The asset turnover ratio is going down, and took a significant drop last year. Part of that is a reduction in sales, as shown above in Table 2. The other part is an increase in assets. During the last fiscal year, the company's total assets went from $101.2 billion to $105.1 billion. It is bad at using its new assets to generate new sales? Not so much, the "investments" account we talked about earlier grew from $42.7 billion to $45.3 billion. So the decrease in asset turnover isn't as bad as it looks. Yes, it went down, but not as much as it appeared.
The company's leverage ratio's using book values just aren't helping us. The company isn't really that highly leveraged. The first issue, as we stated before, is that the value of liabilities includes a substantial amount of deferred revenues, which isn't really the same as debt. It is a liability, but it isn't the same. The second problem is that the company's investments exceed the value of the rest of its liabilities, if we were to exclude unearned revenue.
Using Table 3, we'll look at those liabilities a little more.
By comparing the market cap of the company with the value of the liabilities, we get a feel for how the company is financed. From this table, we would think the company was using debt for a little over a quarter of its operations. From the value of investments and the amount of interest the company has coming in, I'd treat the company as having significantly less leverage. A lesson for all new investors is that the financial statements can be a little misleading. Looking only at the ratios without knowing what accounts were behind them would lead to incorrect conclusions about the leverage Cisco is using and how efficient it is with its assets.
Cisco an enormous company, and many investors will have exposure to it in one way or another. I don't mind having exposure to it through index funds, but I'm not sold on the company. There are plenty of analysts that do like the company, and many of them have great reasons. I would encourage anyone considering an investment to look through the articles for and against. My concerns about the company are simple:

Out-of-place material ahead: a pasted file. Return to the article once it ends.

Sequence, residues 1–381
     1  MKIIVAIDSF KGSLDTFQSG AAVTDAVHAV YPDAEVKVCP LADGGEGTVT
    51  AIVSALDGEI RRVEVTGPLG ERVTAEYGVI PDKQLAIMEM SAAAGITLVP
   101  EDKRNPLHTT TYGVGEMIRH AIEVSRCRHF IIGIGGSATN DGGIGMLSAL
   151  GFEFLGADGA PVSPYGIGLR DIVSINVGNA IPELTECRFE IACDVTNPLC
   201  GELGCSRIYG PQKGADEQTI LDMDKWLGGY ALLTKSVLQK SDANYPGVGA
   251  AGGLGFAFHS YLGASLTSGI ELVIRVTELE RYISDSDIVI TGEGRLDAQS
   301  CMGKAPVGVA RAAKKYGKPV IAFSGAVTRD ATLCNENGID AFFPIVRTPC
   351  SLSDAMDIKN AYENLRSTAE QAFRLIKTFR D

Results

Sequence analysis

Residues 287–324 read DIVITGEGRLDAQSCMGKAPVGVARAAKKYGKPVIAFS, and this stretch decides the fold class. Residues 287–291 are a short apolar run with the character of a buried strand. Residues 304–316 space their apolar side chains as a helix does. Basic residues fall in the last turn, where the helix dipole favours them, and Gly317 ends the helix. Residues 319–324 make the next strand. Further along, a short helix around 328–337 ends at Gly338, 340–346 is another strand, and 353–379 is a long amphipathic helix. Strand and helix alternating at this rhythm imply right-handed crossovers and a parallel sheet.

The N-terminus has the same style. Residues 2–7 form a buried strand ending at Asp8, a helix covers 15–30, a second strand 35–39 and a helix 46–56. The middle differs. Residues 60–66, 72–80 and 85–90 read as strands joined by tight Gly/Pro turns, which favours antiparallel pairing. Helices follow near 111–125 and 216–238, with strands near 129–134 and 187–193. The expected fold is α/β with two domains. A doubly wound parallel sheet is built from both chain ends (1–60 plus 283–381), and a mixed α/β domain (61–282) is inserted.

- I'm not a fan of having my money invested in the tax dispute. That doesn't mean I would never invest in a company dealing with those issues, but I would need to be sold on the company.
- Given the amount of income Cisco is producing from interest income and other income, I'd like to see it use a little more debt to leverage the returns to shareholders.
- The operating margins aren't bad, but I'm more comfortable with INTC and MSFT as investments in huge technology companies. Intel, for instance, is producing not only higher margins excluding R&D, it is also investing a significantly higher percentage of its sales into R&D.
Overall, these factors make me bearish on the stock. I wouldn't short it, but after looking at its history, I'm not sold. No disrespect to the bulls, some of whom make great arguments.
Disclosure: The author has no positions in any stocks mentioned, and no plans to initiate any positions within the next 72 hours.
The author wrote this article themselves, and it expresses their own opinions. The author is not receiving compensation for it (other than from Seeking Alpha). The author has no business relationship with any company whose stock is mentioned in this article.
Additional disclosure: Information in this article represents the opinion of the analyst. All statements are represented as opinions, rather than facts, and should not be construed as advice to buy or sell a security. Ratings of “outperform” and “underperform” reflect the analyst’s estimation of a divergence between the market value for a security and the price that would be appropriate given the potential for risks and returns relative to other securities. The analyst does not know your particular objectives for returns or constraints upon investing. All investors are encouraged to do their own research before making any investment decision. Information is regularly obtained from either Yahoo Finance or the SEC database. If either of these sources contained faulty information, it could be incorporated in our analysis. The analyst holds a diversified portfolio including mutual funds or index funds which may include a small long exposure to the stock.